Friday, 9 October 2009

Obama is a winner

I was shocked to hear the news today that Obama won the Nobel Peace Prize. I thought it was a joke at first, maybe something from the Borowitz Report, or the Onion. Nope. It really happened. I am happy that an American won it, and that Obama is the first sitting President to win since Woodrow Wilson, who won it in 1919 for creating the League of Nations and negotiating the disasterous Treaty of Versailles.

The fact is that Obama has made a terrific start on his foreign policy agenda (not so much his domestic agenda), probably in part due to Hillary Clinton's efforts among others. As an expat living in London, I can assure you that he has had an astonishing impact on world opinion of the US. He has also inspired people around the world, most notably Kenyans (but not all Nigerians apparently!). Add to that his improvement in US relations in the Middle East, his building of real coalitions to oppose nuclear weapons proliferation, his improvement in anti-terrorism outcomes (as opposed to rhetoric), and his shelving of the useless Star Wars program.

However, I am bewildered at the timing of this award. Obama was nominated less than 2 weeks after being sworn in. Though he has gotten a very good start on policies that could lead to peace, little has actually come to fruition yet. Add to that his aggressive stance on Afganistan, and the risk that he will escalate that war a la LBJ in Vietnam. I think it is too early to consider him for this award, and think that the Nobel Committee could have waited a couple of years.

That said, let's not fool ourselves into thinking that the Nobel Peace Prize is given to the current paragon of peace. It has always been highly political. For example:

1989 HH Dalai Lama
I am a big fan and follower of His Holiness. He could win it every year, as far as I am concerned. However, it can not be denied that he won in '89 as a punishment of China for Tiananman Square.

1994 Yasser Arafat, Shimon Perez, Yitzhak Rabin
What really came from their peace talks? Not much. They were not really men of peace. This prize was awarded in the HOPE that they would do something to lead to peace. It was driving the Nobel agenda. Full points for effort.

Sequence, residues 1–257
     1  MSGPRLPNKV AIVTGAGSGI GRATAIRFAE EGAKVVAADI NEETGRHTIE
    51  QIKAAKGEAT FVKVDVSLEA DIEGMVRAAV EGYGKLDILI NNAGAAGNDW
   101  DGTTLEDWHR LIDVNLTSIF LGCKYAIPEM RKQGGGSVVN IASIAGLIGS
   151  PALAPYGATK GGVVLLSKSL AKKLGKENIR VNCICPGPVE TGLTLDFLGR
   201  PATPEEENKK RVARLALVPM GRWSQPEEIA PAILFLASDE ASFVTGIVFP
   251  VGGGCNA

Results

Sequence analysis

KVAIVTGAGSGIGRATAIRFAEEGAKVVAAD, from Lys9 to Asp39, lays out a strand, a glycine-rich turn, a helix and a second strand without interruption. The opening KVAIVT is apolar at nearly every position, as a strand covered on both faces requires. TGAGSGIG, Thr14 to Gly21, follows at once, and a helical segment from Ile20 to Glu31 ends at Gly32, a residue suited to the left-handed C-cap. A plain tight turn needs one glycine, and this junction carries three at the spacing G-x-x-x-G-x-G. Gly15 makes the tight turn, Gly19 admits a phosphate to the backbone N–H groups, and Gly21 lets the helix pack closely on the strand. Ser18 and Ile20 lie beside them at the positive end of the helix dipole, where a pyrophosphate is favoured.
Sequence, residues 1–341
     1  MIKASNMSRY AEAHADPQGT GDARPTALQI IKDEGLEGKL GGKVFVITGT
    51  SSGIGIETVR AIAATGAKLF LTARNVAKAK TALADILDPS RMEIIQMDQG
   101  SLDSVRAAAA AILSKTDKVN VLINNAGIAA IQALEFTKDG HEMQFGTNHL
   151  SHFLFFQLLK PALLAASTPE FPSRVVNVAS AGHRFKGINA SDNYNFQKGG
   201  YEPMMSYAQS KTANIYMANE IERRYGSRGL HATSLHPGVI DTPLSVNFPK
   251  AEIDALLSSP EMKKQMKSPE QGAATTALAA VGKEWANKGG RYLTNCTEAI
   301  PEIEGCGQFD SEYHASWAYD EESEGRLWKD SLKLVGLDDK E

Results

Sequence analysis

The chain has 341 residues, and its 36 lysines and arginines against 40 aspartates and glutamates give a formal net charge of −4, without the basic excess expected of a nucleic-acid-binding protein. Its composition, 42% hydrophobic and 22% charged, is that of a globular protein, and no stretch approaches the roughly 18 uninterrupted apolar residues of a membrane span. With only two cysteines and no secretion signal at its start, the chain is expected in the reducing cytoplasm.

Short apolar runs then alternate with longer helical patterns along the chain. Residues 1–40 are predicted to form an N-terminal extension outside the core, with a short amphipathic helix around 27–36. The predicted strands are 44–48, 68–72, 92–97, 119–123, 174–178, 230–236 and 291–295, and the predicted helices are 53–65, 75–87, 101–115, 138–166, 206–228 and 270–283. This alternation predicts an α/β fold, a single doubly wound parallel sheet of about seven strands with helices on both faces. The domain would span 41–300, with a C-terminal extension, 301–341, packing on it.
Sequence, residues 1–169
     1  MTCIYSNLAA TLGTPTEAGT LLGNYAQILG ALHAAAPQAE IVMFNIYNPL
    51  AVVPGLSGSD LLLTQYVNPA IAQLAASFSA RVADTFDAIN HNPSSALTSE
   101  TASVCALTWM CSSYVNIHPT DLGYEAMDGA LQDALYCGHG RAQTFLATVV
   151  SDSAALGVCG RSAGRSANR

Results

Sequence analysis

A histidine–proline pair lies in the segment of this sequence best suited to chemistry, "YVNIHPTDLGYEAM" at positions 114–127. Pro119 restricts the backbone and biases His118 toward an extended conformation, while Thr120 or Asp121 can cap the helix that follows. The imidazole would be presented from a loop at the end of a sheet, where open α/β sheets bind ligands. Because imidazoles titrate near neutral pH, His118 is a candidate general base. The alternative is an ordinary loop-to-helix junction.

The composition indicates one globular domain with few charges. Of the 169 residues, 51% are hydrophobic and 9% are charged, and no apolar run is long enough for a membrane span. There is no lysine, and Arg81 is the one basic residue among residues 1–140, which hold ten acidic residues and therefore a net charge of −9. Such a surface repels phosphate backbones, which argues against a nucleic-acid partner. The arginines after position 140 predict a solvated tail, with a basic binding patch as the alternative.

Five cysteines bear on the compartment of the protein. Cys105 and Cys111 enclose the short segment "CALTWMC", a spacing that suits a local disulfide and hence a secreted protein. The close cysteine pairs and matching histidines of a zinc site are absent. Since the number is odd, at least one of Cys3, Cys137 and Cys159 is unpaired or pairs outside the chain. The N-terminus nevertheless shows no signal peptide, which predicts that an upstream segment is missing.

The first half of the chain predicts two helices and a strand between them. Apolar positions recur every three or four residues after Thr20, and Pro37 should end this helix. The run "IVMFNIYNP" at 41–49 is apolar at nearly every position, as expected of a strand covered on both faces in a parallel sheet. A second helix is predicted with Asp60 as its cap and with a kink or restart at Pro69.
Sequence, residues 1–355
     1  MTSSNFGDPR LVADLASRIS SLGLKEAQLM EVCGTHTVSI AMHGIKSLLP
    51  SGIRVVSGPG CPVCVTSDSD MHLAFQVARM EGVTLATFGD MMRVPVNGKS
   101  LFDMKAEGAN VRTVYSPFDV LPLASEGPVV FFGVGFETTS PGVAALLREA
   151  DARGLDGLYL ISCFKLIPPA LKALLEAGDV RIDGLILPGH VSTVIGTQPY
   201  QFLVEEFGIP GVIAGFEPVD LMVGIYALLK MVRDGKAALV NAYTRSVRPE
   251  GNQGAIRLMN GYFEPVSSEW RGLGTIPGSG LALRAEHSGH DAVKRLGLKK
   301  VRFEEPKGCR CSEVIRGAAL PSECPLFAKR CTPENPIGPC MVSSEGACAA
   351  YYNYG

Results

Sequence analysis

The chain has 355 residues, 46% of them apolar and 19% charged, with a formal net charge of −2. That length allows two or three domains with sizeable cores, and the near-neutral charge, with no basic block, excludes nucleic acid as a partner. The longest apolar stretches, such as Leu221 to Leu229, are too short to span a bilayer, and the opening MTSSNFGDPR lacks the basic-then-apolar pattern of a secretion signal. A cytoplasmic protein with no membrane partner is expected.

2002 Jimmy Carter and 2005 Mohamed El Barradei
Both were worthy recipients IMO, but one must recognize that these were meant as a slap in the face to Dubya.

2007 Al Gore
I like Al, and I think his work on climate change is extremely important. However, this was also for Dubya.

So, I conclude that this award was meant not only as a last swing at Dubya, but an attempt to influence Obama. I can't see why else they would give this award so early in Obama's term, rather than waiting until he has actually seen positive results from his efforts. While I agree with that motivation, I am not sure it is helpful. Conservatives in the US are already having a field day with this. It remains to be seen if they will manage to turn it against Obama, as they have the loss of the Olympics in Chicago.

1 comment:

johntina said...

I am surely of the view that the Nobel award has lost its credibility if it ever had any credibility at all!

I love and wish President Obama great success as a President, but I cannot see any basis for awarding him a Nobel peace prize in less than a year of being a President.

I am shocked by the decision. I think it has done a great damage to the whole Nobel thing.

One had expected that such a globally respected award should be devoid of political correctness and all forms of liberal overzealousness.
Today is a sad day for meritocracy!